Human power-A A +A
Sunday, June 22, 2014
A HEARING on the Tindak Sugbo Lanes Ordinance will be held on June 25 for a discussion of the proposal for the city government to put up bike lanes and bike-friendly zones in the city. This is about the appeal for a shared priority bike route as a simple but meaningful contribution to help check climate change, the bike being an earth-friendly, human-power transport.
Sen. Pia Cayetano has also filed a bill in the Senate for government to build bicycle lanes and put up bike racks and parking areas, as being done in Marikina and Davao cities. The Sustainable Transportation Act of 2011 will be pushed by more people convinced of the bike’s use in a community.
Years ago, cyclists weren’t exactly told how biking could lead to healthy living, neither was there full knowledge in the communities on how carbon dioxide emission from the use of gas in vehicles could mess up the world in a creepy climate change.
No, I didn’t go into biking for health and preservation of climate back then but to have fun and be with friends and cousins in summer—especially the guys, when they’d try anything from flying kites to climbing trees.
The bike was part of the fun because there was a relative who had a store selling the vehicle. But what kept me from learning how to bike was the fear of its two wheels. I knew that for the two wheels, I’d need balancing to hit the ground safely.
When I would drive in an uncle’s backyard, I’d shout, “Stop na ko!” Then the boy cousins would run after me to help keep my balance quickly after I stepped on the brake!
It has been easier for me to drive a car later in life than balance a bike. In today’s lingo, I would be seen like I preferred to fill the air with carbon using a firm 4-wheeled machine than move about balancing badly in a clean two-wheeled vehicle called a bike.
A bike is a vehicle which is “propelled solely by human power.” And it gives man a chance to keep physically fit through the years of biking, so says Roger Vallena, one of the founding members of a biking group in Cebu, the Tindak Bisdak Cebu Folding Bike Society led by Jay Garganera in 2010, together with Dindo Sugatan and Alan Defensor.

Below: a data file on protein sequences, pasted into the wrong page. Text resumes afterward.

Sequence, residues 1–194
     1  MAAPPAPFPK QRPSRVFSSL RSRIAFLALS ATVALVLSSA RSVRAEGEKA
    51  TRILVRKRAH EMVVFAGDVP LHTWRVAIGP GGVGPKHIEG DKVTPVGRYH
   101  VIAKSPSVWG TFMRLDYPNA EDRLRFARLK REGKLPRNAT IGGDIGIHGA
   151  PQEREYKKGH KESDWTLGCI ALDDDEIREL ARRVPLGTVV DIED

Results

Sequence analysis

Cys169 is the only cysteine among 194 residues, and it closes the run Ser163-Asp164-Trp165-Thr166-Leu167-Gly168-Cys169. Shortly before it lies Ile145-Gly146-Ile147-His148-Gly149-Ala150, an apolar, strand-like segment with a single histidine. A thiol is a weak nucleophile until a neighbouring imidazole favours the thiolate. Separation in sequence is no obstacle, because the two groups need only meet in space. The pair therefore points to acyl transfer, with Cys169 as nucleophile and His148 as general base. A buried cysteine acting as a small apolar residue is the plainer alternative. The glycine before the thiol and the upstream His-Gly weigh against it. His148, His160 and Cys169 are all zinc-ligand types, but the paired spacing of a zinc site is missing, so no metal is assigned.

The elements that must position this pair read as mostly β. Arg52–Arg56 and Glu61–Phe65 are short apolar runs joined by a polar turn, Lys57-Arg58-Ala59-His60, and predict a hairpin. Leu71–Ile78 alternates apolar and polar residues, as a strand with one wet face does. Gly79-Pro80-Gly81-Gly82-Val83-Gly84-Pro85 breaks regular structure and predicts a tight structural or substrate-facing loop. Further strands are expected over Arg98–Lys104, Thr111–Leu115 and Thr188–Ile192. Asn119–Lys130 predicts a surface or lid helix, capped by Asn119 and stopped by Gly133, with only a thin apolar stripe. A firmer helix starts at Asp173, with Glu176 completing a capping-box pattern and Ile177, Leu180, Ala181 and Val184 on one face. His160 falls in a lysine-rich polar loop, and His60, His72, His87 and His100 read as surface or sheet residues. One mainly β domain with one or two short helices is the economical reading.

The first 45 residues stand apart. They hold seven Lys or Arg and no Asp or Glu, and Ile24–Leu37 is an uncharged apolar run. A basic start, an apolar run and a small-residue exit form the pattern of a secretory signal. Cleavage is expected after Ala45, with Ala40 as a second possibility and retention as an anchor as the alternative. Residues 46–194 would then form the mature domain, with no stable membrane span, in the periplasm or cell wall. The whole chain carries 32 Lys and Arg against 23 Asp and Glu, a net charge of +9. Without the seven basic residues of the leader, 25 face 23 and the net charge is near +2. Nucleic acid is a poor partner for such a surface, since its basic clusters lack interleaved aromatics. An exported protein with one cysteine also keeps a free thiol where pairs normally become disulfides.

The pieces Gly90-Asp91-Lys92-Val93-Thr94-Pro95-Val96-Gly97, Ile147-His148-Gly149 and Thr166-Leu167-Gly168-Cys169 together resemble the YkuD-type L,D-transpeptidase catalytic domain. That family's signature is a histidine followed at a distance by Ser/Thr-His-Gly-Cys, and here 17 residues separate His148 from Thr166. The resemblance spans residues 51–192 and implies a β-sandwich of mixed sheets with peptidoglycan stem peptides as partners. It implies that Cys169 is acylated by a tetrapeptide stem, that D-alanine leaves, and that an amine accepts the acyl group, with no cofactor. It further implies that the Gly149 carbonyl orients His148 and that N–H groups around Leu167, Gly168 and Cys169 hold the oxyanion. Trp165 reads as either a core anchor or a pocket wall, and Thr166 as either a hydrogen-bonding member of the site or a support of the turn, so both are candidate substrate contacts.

Vallena, a passionate Tindak member, had turned into a biker when he looked for a way to steer clear of depression after he lost a son. It has been like having been healed of the pain.
Traveling on a bike every day, Vallena covers 10 kilometers from Sun.Star Cebu to home in Bacayan, Talamban. On a PUJ transpo, it would take about an hour's drive due to slumbering, heavy traffic. A ride in a bike would take not more than 30 minutes. If the traffic is clear and fast, the ride is only from 15 to 20 minutes.
As for his health, Vallena is experiencing a certain fullness as a human being, having low cholesterol, normal blood sugar, getting the correct number of pounds. This is, perhaps, besides Vallena and his co-bikers slimming down.
There are five bike clubs with Tindak Sugbo, which was formed in 2013, going around the city every Friday. The group consists of volunteers from the University of the Philippines, psychology students and faculty, among others.
Much of the world today is biking for a change in lifestyle to save the earth from devastation. It’s good to know that among the top 10 countries biking for good reasons are mostly those in the past emitting much of greenhouse gases in the Western economies. Take Germany where there are 75 percent cyclists of more than 81 million people.
The biggest user is the Netherlands, 99 percent of the people being cyclists, 25 percent of trips are to work places.
In my age right now, I don’t think I can safely ride a bike. But I wish I had today’s knowledge of what humans can do to improve life in the globe using my cousins’ early sports style. (firstname.lastname@example.org)
Published in the Sun.Star Cebu newspaper on June 22, 2014.